NEW DELHI (Reuters) - An Indian court has summoned Alibaba BABA.N and its founder Jack Ma in a case in which a former employee in India says he was wrongfully fired after objecting to what he saw as censorship and fake news on company apps, documents seen by Reuters showed.
The case comes weeks after India cited security concerns in banning Alibaba’s UC News, UC Browser and 57 other Chinese apps after a border clash between the two countries’ forces.
Following the ban, which China has criticized, India sought written answers from all affected companies, including whether they censored content or acted for any foreign government.
In court filings dated July 20 but not previously reported, the former employee of Alibaba’s UC Web, Pushpandra Singh Parmar, alleges the company had censored content seen as unfavourable to China, and its apps UC Browser and UC News showcased false news “to cause social and political turmoil”.
Civil Judge Sonia Sheokand of a district court in Gurugram, a satellite city of India’s capital New Delhi, has issued a summons for Alibaba, Jack Ma and about a dozen individuals or company units, asking them to appear in court in person or through a lawyer on July 29, court documents showed.
The judge has also sought written responses from the company and its executives within 30 days, according to the summons.
UC India said in a statement it had been “unwavering in its commitment to the India market and the welfare of its local employees, and its policies are in compliance with local laws. We are unable to comment on ongoing litigation”.
Alibaba representatives did not respond to requests for comment from the Chinese company or on behalf of Jack Ma.
Parmar, who worked as an associate director at the UC Web office in Gurugram until October 2017 and is seeking $268,000 in damages, referred Reuters queries to his lawyer, Atul Ahlawat, who declined to comment saying the matter was sub judice.
The Chinese foreign ministry said in a statement the Chinese government has always requested Chinese companies to “carry out overseas cooperation on the basis of abiding by international rules and local laws.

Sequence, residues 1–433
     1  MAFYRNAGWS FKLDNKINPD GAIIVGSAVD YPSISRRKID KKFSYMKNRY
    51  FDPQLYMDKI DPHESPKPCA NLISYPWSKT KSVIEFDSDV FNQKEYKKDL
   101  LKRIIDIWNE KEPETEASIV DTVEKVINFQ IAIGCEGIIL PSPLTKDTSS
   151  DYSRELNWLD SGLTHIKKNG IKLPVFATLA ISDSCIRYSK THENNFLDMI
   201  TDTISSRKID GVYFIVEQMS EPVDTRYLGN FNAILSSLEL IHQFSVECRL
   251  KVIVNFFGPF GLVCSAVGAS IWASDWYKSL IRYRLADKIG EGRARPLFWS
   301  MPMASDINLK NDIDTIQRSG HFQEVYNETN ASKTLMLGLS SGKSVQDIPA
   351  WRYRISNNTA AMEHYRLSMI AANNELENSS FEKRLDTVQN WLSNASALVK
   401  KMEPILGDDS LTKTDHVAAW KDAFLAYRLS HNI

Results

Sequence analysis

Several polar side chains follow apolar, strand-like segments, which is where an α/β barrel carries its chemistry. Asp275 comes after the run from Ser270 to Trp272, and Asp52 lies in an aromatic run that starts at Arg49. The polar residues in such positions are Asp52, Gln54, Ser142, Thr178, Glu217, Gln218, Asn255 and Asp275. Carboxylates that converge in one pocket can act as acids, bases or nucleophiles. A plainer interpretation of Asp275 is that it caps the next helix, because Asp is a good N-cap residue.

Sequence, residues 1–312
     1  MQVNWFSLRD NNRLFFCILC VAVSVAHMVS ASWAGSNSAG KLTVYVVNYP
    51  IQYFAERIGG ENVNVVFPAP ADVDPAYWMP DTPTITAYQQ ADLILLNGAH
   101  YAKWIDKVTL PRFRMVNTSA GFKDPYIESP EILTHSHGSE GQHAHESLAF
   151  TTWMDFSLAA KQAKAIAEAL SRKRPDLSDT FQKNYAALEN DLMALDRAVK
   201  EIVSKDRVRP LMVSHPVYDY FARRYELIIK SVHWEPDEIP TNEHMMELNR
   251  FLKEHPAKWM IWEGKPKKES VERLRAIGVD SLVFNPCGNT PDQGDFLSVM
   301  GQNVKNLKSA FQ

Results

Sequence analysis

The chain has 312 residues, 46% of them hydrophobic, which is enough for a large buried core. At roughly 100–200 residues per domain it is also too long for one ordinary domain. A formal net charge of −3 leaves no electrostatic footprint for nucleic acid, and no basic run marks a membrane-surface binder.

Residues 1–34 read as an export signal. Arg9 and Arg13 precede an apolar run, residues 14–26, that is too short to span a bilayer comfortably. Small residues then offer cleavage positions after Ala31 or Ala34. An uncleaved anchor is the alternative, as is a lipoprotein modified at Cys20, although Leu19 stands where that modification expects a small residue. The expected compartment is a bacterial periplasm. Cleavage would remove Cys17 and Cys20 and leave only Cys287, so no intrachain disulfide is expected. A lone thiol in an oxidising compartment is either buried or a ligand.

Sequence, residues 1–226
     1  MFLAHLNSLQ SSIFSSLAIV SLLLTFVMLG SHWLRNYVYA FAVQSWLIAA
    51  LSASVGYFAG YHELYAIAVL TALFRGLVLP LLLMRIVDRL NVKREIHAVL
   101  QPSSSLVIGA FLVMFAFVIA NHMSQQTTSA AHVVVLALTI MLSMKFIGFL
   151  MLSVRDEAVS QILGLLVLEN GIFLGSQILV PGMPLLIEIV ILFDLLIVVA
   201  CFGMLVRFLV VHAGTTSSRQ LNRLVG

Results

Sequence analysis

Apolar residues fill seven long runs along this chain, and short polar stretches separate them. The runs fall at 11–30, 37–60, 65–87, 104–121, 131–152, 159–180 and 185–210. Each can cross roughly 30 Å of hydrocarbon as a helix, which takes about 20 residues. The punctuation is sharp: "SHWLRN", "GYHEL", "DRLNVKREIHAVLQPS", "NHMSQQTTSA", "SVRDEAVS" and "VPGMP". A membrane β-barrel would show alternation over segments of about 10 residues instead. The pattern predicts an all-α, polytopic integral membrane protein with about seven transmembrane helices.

“The Indian side should also provide a fair, just and non-discriminatory environment for Chinese companies’ normal operations in India,” the statement said.
India’s IT ministry in New Delhi did not respond to requests for comment.
ALLEGATIONS IN COURT
The court case is the latest hurdle for Alibaba in India after the Indian government’s app ban, following which UC Web has started laying off some staff in India.
Before the apps were banned, the UC Browser had been downloaded at least 689 million times in India, while UC News had 79.8 million downloads, most during 2017 and 2018, data from analytics firm Sensor Tower showed.
India has said it banned the 59 apps after it received “credible inputs” that such apps posed a threat to India’s sovereignty. Its IT minister said the decision was taken to safeguard citizens’ data and public order.
In more than 200 pages of court filings, reviewed by Reuters, former employee Parmar included clippings of some posts showcased on the UC News app that he alleged were false.
One post from 2017 was headlined in Hindi: “2,000-rupee notes to be banned from midnight today”. Another headline on a 2018 post said: “Just now: War broke out between India and Pakistan”, and contained a description of firing across the disputed border between the countries.
Reuters could not independently verify the veracity of the claims in the filing. India did not ban its 2,000-rupee currency note and no war occurred between India and Pakistan in 2018.
The lawsuit also contains a “sensitive words list” with key words in Hindi and English such as “India-China border” and “Sino-India war”, that the court filing alleges were used by UC Web to censor content on its platforms in India.
“In order to (exert) control, any news-related content to be published against China was automatically/manually rejected by an audit system evolved for this purpose,” the filing said.
Reporting by Aditya Kalra in New Delhi; Additional reporting by Gabriel Crossley in Beijing; Editing by Robert Birsel and David Holmes
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